San Francisco – October 13, 2015 – SmartTots today released an updated consensus statement that emphasizes a need for more research into the safety of anesthetics and sedatives administered to infants and young children under the age of 4. The statement was endorsed by 19 leading U.S. and global health organizations, including the American Academy of Pediatrics, the American Society of Anesthesiologists, and the Society for Pediatric Anesthesia.
The consensus statement was developed by a working group of experts in anesthesia, pediatric medicine and neuroscience that was convened by SmartTots, a public-private partnership of the International Anesthesia Research Society and the U.S. Food and Drug Administration. The new statement follows one released in January 2013, and takes into account mounting evidence that exposure to anesthetics or sedatives in animals at a very young age impairs learning ability, behavior and memory, and the possibility that this risk may translate to problems in young children as well. Clinical (human) research in this age group has been mixed, with some studies indicating that similar problems may exist.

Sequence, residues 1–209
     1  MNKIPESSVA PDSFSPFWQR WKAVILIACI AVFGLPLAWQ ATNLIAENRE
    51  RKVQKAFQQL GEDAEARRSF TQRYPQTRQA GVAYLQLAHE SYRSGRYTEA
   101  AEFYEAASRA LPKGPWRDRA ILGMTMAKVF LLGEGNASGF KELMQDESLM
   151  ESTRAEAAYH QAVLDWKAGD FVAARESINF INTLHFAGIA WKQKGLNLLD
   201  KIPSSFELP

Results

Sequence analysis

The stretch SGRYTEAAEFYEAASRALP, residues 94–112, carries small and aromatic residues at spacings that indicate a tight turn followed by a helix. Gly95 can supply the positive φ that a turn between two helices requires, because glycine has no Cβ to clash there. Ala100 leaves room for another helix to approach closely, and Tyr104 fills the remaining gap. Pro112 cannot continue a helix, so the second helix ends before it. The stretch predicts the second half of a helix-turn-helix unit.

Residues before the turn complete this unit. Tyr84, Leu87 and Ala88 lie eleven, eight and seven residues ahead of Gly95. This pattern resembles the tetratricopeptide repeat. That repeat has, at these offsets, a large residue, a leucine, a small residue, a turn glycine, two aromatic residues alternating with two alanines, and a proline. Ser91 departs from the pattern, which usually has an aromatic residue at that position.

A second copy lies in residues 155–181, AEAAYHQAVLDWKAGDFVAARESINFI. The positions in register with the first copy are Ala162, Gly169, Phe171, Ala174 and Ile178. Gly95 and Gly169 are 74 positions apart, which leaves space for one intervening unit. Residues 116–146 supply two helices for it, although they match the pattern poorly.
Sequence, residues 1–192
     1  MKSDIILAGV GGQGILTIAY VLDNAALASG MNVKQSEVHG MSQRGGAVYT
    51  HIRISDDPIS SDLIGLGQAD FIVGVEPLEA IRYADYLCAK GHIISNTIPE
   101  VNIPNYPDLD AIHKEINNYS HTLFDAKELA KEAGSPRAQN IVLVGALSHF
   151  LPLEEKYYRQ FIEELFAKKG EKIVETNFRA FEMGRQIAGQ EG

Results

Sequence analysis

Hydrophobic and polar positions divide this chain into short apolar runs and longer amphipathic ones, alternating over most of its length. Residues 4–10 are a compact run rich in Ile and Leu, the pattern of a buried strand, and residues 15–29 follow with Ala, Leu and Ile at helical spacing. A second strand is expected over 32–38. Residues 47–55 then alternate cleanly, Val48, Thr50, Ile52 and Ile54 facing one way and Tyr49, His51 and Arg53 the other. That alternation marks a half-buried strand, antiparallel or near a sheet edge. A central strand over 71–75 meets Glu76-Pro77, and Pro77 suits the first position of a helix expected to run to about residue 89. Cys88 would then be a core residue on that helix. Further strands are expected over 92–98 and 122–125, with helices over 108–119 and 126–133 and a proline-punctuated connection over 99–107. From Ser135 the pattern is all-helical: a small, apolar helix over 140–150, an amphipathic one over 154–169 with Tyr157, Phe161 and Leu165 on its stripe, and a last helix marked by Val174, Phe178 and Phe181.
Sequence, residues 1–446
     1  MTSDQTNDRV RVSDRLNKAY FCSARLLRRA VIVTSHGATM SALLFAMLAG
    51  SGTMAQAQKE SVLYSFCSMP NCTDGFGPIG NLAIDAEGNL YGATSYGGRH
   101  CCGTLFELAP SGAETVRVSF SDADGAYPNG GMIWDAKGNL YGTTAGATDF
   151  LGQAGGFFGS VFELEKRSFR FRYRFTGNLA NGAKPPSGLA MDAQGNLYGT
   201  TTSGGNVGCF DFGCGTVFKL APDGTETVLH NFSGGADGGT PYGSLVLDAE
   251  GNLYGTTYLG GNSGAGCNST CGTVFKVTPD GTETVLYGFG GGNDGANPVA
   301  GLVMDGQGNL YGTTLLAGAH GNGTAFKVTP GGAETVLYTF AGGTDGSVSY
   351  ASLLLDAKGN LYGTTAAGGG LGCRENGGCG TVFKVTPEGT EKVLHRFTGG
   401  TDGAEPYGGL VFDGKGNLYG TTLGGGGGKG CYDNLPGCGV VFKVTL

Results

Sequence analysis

Since the release of the last consensus statement, new animal research has continued to show short- and long-term learning deficits when general anesthetics are administered at an age comparable to a human under the age of 4. This growing evidence, combined with limited clinical results, has led the working group to call for more research to determine the safety of current anesthetics for young children, as well as whether there are drugs that might mitigate any harmful effects.
While the statement does not recommend putting off needed surgery or procedures requiring anesthetics or sedatives – or conducting needed treatments without pain medication – it does urge health care providers and parents to discuss the risks, benefits and timing of any treatment. In particular, it advises weighing the benefits of any elective procedure against a potential risk. Experts also suggest exploring alternatives to anesthesia or sedation when pain management is not an issue – for example, with diagnostic tests.